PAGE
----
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ISAE v Quisimbing G.R. No. 128845.

June 1, 2000
J. Kapunan
Facts:
The ISM, under Presidential Decree 732, is a domestic educational
institution established primarily for dependents of foreign
diplomatic personnel and other temporary residents.
The local-hires union of the ISM were crying foul over the disparity
in wages that they got compared to that of their foreign teaching
counterparts.
These questions are asked to qualify a teacher into a local or
foreign hire.
a.....What is one's domicile?
b.....Where is one's home economy?
c.....To which country does one owe economic allegiance?
d.....Was the individual hired abroad specifically to work in
the School and was the Schoolresponsible for bringing that
individual to the Philippines?
Should any answer point to Philippines, the person is a local hire.
The School grants foreign-hires certain benefits to the foreign
hires such as housing, transportation, and 25% more pay than
locals under the theory of (a) the "dislocation factor" and (b)
limited tenure. The first was grounded on leaving his home
country, the second was on the lack of tenure when he returns
home.
The negotiations between the school and the union caused a
deadlock between the parties.
The DOLE resolved in favor of the school, while Dole Secretary
Quisimbing denied the unions mfr.
He said, The Union cannot also invoke the equal protection
clause to justify its claim of parity. It is an established principle of
constitutional law that the guarantee of equal protection of the
laws is not violated by legislation or private covenants based on
reasonable classification. A classification is reasonable if it is
based on substantial distinctions and apply to all members of the
same class. Verily, there is a substantial distinction between
foreign hires and local hires, the former enjoying only a limited
tenure, having no amenities of their own in the Philippines and

have to be given a good compensation package in order to attract


them to join the teaching faculty of the School.
The union appealed to the Supreme Court.
The petitioner called the hiring system discriminatory and racist.
The school alleged that some local hires were in fact of foreign
origin. They were paid local salaries.
Issue:
Whether or not the hiring system is violative of the equal
protection clause
Held: Yes, Petition granted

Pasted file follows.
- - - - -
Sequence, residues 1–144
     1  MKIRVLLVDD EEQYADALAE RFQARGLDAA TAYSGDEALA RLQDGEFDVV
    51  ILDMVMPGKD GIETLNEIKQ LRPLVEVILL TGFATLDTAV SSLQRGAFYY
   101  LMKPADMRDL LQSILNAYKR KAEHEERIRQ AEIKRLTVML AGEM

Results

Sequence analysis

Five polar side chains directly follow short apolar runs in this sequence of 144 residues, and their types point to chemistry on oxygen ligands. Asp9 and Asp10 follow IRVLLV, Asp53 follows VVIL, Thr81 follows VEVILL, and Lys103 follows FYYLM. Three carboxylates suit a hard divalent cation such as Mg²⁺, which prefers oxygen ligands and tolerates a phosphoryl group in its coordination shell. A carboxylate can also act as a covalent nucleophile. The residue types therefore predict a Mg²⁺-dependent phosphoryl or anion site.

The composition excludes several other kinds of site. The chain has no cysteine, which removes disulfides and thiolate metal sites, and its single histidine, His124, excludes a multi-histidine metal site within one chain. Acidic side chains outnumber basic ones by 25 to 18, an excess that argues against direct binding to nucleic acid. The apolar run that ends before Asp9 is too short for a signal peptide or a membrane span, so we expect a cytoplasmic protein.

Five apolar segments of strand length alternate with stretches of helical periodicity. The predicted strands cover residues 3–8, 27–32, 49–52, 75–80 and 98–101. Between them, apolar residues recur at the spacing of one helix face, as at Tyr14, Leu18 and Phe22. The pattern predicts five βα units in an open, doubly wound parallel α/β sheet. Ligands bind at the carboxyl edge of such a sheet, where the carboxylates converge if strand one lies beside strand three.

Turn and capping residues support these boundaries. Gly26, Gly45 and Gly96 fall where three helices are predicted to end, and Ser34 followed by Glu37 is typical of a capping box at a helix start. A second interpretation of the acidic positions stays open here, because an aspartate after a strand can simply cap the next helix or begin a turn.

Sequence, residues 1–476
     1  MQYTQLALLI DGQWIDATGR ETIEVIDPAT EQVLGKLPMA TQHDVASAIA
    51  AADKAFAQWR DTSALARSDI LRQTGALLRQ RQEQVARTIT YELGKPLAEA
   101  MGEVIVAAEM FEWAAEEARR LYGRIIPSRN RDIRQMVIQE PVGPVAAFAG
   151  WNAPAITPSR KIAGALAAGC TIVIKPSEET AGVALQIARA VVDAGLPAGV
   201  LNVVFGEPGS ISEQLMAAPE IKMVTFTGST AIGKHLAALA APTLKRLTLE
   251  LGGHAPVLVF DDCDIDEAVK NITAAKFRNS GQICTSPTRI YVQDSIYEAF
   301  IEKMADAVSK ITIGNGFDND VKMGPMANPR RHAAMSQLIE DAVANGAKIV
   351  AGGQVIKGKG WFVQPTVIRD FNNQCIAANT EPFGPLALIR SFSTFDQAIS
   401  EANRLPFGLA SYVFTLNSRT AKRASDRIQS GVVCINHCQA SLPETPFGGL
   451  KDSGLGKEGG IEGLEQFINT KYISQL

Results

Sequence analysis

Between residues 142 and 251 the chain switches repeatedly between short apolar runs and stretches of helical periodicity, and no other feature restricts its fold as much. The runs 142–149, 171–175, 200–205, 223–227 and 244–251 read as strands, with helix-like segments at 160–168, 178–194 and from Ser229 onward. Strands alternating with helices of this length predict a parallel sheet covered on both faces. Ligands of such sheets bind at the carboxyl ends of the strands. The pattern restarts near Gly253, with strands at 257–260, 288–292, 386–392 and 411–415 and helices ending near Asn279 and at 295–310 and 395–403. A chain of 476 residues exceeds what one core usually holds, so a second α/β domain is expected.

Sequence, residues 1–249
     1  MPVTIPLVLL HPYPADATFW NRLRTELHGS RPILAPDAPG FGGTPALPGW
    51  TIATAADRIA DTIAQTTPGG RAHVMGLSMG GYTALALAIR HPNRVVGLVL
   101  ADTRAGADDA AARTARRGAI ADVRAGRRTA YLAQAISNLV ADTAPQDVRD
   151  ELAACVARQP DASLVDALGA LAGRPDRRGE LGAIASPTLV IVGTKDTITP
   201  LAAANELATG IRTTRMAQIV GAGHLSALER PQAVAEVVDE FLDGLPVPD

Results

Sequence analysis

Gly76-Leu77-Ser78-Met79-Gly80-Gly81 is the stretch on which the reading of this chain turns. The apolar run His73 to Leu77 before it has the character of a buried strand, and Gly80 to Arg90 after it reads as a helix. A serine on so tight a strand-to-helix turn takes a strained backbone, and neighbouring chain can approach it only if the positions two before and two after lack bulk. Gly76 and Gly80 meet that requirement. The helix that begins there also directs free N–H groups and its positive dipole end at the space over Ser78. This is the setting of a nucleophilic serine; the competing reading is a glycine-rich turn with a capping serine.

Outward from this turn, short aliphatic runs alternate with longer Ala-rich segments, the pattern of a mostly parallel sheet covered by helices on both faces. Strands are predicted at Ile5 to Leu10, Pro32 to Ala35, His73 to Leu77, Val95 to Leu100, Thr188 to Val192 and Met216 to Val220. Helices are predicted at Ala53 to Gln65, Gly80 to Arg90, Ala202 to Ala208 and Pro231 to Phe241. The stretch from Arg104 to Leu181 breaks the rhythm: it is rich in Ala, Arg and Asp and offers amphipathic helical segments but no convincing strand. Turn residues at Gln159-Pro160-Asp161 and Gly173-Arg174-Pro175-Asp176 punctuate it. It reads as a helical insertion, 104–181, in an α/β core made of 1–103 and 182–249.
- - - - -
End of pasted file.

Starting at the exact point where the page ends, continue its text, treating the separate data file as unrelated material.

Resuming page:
Ratio:
Public policy abhors discrimination. The Article on Social Justice
and Human Rights exhorts Congress to "give highest priority to
the enactment of measures that protect and enhance the right of
all people to human dignity
The very broad Article 19 of the Civil Code requires every person,
"in the exercise of his rights and in the performance of his duties,
[to] act with justice, give everyone his due, and observe honesty
and good faith."
International law prohibits discrimination, such as the Universal
Declaration of Human Rights and the International Covenant on
Economic, Social, and Cultural Rights. The latter promises Fair
wages and equal remuneration for work of equal value without
distinction of any kind.
In the workplace, where the relations between capital and labor
are often skewed in favor of capital, inequality and discrimination
by the employer are all the more reprehensible.
The Constitution also directs the State to promote "equality
of employment opportunities for all." Similarly, the Labor Code
provides that the State shall "ensure equal work opportunities
regardless of sex, race or creed. Article 248 declares it an unfair
labor practice for an employer to discriminate in regard to wages
in order to encourage or discourage membership in any labor
organization.
In this jurisdiction, there is the term equal pay for equal work,
pertaining to persons being paid with equal salaries and have

similar skills and similar conditions. There was no evidence here


that foreign-hires perform 25% more efficiently or effectively than
the local-hires.
The State, therefore, has the right and duty to regulate the
relations between labor and capital. These relations are not
merely contractual but are so impressed with public interest that
labor contracts, collective bargaining agreements included, must
yield to the common good.[
For the same reason, the "dislocation factor" and the foreignhires' limited tenure also cannot serve as valid bases for the
distinction in salary rates. The dislocation factor and
limited tenure affecting foreign-hires are adequately compensated
by certain benefits accorded them which are not enjoyed by localhires, such as housing, transportation, shipping costs, taxes and
home leave travel allowances.
In this case, we find the point-of-hire classification employed by
respondent School to justify the distinction in the salary rates of
foreign-hires and local hires to be an invalid classification. There is
no reasonable distinction between the services rendered by
foreign-hires and local-hires.
Obiter:
However, foreign-hires do not belong to the same bargaining unit
as the local-hires. It does not appear that foreign-hires have
indicated their intention to be grouped together with local-hires
for purposes of collective bargaining. The collective
bargaining history in the School also shows that these groups
were always treated separately. The housing and other benefits
accorded foreign hires were not given to local hires, thereby such
admixture will nbot assure any group the power to exercise
bargaining rights.
The factors in determining the appropriate collective
bargaining unit are (1) the will of the employees (Globe Doctrine);
(2) affinity and unity of the employees' interest, such as
substantial similarity of work and duties, or similarity of
compensation and working conditions (Substantial Mutual
Interests Rule); (3) prior collective bargaining history; and (4)
similarity of employment status.